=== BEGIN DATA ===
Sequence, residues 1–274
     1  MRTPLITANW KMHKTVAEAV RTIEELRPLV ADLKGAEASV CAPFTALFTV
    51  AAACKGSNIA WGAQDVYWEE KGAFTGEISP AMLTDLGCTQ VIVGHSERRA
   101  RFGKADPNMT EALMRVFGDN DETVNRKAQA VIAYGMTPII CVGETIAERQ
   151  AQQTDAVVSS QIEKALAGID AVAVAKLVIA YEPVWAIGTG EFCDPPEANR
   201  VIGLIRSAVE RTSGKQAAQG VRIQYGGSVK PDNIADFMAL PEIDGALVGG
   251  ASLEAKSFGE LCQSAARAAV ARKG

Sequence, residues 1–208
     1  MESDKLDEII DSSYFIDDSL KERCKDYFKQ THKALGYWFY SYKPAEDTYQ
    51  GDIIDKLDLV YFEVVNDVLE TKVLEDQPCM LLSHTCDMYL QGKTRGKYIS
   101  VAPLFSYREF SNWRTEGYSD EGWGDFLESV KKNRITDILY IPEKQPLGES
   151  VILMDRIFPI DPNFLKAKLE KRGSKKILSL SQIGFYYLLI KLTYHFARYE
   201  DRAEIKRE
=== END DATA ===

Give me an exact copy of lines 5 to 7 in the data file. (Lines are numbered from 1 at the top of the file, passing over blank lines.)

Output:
   151  AQQTDAVVSS QIEKALAGID AVAVAKLVIA YEPVWAIGTG EFCDPPEANR
   201  VIGLIRSAVE RTSGKQAAQG VRIQYGGSVK PDNIADFMAL PEIDGALVGG
   251  ASLEAKSFGE LCQSAARAAV ARKG